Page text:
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No Text (Messages) Please, We're Japanese

Published on October 8, 2010
by Daisuke Wakabayashi

Ride a Tokyo subway and you are almost guaranteed to see two groups of people: Those who are sleeping — not just casual nappers, but folks who are full-on, deep-REM-cycle, drool-down-the-chin asleep. The other group comprises people staring blankly or furiously punching the keys of clamshell phones with giant screens.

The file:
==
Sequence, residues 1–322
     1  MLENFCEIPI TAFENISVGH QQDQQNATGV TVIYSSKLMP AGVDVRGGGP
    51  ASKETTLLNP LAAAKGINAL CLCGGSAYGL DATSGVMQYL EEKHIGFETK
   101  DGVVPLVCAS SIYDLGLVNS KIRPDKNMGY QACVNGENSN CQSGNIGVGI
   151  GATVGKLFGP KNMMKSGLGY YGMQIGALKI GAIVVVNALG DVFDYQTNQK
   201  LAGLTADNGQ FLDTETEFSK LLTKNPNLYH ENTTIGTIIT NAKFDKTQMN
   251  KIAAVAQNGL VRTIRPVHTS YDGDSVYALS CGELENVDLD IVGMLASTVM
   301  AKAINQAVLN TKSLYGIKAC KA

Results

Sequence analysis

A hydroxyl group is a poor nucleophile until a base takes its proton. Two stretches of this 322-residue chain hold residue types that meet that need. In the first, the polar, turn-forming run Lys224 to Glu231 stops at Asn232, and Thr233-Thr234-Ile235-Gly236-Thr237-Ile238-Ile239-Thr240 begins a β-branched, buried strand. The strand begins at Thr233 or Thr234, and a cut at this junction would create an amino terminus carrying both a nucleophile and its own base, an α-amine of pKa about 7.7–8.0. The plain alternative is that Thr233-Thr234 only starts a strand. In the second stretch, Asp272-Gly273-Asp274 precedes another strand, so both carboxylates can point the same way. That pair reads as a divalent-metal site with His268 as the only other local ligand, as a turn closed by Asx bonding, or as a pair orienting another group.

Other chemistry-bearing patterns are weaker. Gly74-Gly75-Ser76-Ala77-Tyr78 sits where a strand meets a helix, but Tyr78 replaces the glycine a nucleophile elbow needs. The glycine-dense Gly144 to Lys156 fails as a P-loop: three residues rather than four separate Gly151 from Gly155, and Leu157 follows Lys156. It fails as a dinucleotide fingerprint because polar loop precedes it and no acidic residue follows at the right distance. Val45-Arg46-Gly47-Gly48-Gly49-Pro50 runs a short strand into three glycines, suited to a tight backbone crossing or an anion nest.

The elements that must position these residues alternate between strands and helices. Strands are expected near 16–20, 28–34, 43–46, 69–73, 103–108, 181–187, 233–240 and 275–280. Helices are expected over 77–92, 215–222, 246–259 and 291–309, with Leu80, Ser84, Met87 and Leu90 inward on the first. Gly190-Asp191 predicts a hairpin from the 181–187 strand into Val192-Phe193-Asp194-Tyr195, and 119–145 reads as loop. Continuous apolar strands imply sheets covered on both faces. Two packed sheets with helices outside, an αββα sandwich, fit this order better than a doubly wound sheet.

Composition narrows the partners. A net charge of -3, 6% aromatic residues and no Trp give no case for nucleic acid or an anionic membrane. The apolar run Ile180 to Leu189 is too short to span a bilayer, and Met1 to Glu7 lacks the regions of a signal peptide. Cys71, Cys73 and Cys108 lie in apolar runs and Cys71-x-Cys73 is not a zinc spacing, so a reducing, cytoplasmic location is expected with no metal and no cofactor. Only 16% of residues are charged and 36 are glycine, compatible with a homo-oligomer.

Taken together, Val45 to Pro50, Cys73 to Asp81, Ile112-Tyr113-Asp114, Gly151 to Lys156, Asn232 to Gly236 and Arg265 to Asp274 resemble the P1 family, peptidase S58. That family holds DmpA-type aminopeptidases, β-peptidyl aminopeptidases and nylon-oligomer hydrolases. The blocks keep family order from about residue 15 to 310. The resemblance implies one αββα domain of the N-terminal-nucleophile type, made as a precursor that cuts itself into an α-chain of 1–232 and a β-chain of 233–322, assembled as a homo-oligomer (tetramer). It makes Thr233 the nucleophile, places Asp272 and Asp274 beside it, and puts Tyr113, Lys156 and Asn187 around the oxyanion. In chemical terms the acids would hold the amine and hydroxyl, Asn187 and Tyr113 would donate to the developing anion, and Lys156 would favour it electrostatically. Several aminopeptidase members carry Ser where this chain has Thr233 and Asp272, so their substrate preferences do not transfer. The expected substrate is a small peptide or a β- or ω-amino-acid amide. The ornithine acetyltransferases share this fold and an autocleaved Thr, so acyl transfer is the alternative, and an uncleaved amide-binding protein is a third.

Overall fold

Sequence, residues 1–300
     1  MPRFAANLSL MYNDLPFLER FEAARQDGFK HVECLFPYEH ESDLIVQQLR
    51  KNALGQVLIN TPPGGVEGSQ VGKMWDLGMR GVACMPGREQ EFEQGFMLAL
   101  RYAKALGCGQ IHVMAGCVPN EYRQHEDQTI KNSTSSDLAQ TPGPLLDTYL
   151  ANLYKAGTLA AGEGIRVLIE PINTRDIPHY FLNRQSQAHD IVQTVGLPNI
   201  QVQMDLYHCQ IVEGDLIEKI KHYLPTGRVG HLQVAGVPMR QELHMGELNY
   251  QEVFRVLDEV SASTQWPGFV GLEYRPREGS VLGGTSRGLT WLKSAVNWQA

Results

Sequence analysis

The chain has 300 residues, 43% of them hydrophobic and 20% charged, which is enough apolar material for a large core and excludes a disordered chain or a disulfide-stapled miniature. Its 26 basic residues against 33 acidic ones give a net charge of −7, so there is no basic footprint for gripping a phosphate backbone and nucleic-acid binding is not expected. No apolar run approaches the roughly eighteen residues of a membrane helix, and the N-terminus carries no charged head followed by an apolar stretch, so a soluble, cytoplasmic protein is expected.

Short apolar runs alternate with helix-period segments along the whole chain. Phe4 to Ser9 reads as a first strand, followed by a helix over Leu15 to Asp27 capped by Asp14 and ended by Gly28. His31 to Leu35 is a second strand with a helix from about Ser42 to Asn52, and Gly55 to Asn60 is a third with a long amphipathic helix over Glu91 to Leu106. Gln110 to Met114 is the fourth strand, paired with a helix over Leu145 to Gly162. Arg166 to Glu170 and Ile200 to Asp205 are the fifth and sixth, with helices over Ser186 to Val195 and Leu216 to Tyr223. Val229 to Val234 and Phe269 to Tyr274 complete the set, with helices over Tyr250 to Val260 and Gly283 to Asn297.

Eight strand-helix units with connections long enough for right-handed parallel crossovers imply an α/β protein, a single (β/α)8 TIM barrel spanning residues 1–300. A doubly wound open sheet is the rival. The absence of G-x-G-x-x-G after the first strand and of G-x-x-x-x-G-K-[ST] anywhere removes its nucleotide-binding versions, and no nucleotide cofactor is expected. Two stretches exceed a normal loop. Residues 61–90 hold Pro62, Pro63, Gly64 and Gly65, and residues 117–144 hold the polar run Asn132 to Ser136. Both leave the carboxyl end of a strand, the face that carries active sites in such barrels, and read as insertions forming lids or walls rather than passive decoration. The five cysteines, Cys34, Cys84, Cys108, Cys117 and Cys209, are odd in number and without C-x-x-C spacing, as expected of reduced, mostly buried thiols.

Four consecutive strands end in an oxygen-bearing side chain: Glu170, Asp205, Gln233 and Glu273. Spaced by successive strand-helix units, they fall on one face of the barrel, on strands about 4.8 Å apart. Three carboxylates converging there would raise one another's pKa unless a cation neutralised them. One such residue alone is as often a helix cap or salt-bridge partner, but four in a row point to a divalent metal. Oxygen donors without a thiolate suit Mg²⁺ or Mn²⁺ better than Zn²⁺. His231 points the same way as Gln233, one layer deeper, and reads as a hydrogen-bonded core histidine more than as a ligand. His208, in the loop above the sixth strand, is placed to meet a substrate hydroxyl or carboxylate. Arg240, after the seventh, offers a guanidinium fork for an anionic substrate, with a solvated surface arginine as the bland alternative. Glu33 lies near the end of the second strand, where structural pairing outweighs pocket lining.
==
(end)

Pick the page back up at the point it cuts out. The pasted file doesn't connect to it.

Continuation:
So it shouldn’t come as much surprise that a survey by research group comScore’s MobiLens service finds that the Japanese are the “most connected” mobile-phone users in the world. Three of every four Japanese use their phones to either browse the Web, access applications or download content to their handsets. This compares to 44 percent in the United States and 39 percent in Europe.

Dig into the survey and some interesting trends emerge. Only 40 percent of Japanese send text messages, while two-thirds of Americans and 82 percent of Europeans engage in short message service, or SMS. Why is this?

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